Money markets interbank rates dip as ecb cash fest looms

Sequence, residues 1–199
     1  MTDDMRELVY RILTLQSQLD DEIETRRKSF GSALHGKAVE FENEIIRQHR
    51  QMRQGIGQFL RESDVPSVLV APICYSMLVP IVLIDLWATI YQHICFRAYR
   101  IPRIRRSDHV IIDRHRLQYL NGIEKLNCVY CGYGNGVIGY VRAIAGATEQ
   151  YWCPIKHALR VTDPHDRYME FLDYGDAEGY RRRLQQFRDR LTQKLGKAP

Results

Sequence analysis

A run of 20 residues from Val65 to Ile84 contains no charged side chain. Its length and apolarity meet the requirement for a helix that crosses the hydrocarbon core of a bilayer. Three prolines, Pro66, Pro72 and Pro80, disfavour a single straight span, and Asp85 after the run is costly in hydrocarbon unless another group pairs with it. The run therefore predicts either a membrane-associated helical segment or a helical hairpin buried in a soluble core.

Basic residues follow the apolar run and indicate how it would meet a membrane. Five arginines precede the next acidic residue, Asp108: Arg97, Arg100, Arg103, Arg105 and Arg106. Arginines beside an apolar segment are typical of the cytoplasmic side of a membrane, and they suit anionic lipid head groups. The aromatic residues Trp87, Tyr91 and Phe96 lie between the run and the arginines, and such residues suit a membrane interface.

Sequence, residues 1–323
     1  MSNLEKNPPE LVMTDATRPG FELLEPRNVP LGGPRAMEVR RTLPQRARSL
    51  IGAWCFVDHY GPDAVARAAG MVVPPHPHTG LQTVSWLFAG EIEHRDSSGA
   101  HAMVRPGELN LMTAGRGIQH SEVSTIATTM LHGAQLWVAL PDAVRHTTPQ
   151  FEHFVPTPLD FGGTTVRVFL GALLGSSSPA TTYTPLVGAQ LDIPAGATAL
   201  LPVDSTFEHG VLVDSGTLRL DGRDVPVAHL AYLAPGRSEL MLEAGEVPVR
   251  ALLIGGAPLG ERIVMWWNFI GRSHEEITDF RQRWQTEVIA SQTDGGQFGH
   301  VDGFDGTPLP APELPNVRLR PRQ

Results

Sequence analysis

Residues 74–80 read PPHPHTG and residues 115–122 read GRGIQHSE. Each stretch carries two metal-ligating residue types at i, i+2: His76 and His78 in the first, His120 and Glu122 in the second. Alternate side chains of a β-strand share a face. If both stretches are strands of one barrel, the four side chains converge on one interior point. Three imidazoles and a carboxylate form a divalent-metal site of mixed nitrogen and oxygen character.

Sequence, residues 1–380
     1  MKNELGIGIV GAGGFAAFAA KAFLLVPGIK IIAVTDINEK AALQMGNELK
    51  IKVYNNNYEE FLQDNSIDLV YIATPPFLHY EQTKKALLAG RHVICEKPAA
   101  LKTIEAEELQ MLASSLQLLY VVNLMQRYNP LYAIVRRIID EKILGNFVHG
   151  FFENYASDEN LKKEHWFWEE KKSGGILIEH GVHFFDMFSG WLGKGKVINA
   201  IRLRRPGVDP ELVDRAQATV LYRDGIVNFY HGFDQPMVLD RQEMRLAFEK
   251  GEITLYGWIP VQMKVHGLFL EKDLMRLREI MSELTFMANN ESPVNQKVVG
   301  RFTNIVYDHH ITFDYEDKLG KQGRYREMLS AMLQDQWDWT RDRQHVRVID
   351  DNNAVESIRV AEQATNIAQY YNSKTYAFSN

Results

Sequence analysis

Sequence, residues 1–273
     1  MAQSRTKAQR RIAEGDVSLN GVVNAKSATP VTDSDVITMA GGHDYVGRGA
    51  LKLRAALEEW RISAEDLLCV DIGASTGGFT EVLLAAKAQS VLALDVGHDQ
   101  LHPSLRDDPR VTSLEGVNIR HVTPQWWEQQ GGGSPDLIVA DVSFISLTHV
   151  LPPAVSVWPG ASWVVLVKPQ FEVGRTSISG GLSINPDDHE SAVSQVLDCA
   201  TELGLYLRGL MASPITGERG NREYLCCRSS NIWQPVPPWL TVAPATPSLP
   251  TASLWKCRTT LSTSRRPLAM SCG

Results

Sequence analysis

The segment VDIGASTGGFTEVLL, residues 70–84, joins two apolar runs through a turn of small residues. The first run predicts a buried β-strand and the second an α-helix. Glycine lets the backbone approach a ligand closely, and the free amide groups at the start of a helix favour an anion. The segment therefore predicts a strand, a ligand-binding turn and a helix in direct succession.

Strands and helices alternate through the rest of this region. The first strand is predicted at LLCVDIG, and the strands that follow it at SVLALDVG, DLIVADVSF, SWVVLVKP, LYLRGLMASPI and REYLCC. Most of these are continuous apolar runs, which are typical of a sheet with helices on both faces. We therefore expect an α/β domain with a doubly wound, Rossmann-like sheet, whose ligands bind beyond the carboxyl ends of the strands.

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* Euro interbank rates at 1-year low as tender looms * Feb. 29 last of ECB's 3-year cash injections, for now * Three-month dollar Libor lowest since mid-November By Chris Reese and Emelia Sithole-Matarise NEW YORK/LONDON, Feb 17 Bank-to-bank euro lending rates fell to fresh one-year lows on Friday hit by anticipation ahead of another huge injection of ECB long-term funds into the money market at the end of this month that some traders also bet will boost interbank lending. Having pushed excess liquidity to record levels with the nearly half a trillion euros in three-year funds it pumped into the system in December, the European Central Bank will give banks a second chance to grab ultra-cheap loans on Feb. 29. The ECB liquidity injections, with help from an extension of foreign financial swap lines by the U.S. Federal Reserve, were seen as the driving forces behind the lower interbank lending rates. Interbank rates have dropped by almost a third since the ECB announced plans to lend banks three-year money at rock-bottom rates in long-term refinancing operations. "The LTRO that the ECB has done has made really good progress in trying to ease some of the liquidity strains that were present in Europe," said Thomas Simons, money market economist at Jefferies & Co in New York, adding "it makes sense that the interbank rates would come down." The liquidity rush has headed off a credit crunch and prompted some thawing in interbank activity, although that remains name-specific, with the lingering risk of a disorderly Greek default keeping market participants cautious. "The next LTRO should, especially if it's a large take-up, encourage more lending as lenders will know that the counterparties are adequately liquid," said Kevin Pearce, senior broker at ICAP in London. "Of course a definite resolution to the Greek situation would help. But even now when it looks likely to be sorted, we've seen it go wrong so many times no one is yet convinced." With banks already awash with long-term cash and expectations of demand at the next round matching or even exceeding December's demand, downward pressure on lending rates in the money market continues. Three-month Euribor rates, traditionally the main gauge of unsecured interbank euro lending and a mix of interest rate expectations and banks' appetite for lending, fell to 1.036 percent from 1.041 percent, hitting the lowest level since January last year. Equivalent London interbank offered rates, set by a smaller panel of banks than Euribor, fixed lower at 0.96536 percent from 0.96821 percent. For latest Libor fixings see Rates in other maturities also dropped. Six-month rates fell to 1.334 percent from 1.339 percent, while 1onger-term 12-month rates dropped to 1.664 percent from 1.669 percent. One-week rates, the most heavily influenced by excess liquidity, which currently stands at a massive 485 billion euros according to Reuters calculations, eased to 0.368 percent from 0.371 percent. Overnight rates fixed at 0.371 percent for the third day running with market participants seeing a gradual decline in the fixings to a trough of 0.33 percent by July/August. Three-month dollar-denominated Libor on Friday fixed at 0.4931 percent, unchanged from Thursday at the lowest since mid-November. ECB shorter-term lending operations have shown banks are beginning to position themselves for the second handout of ultra-cheap three-year cash. Banks more than halved their intake of one-month loans but stocked up on short-term one-week funding, money they can easily flip into the three-year operation. "The repo markets are better and there's enough liquidity for term (funding) in ECB eligible paper and peripheral government bonds," a money market trader said. "The question is whether that will get distributed further to the economy. The ECB were quite clear about getting some of this liquidity to the smaller to medium-sized banks so that may work," he said.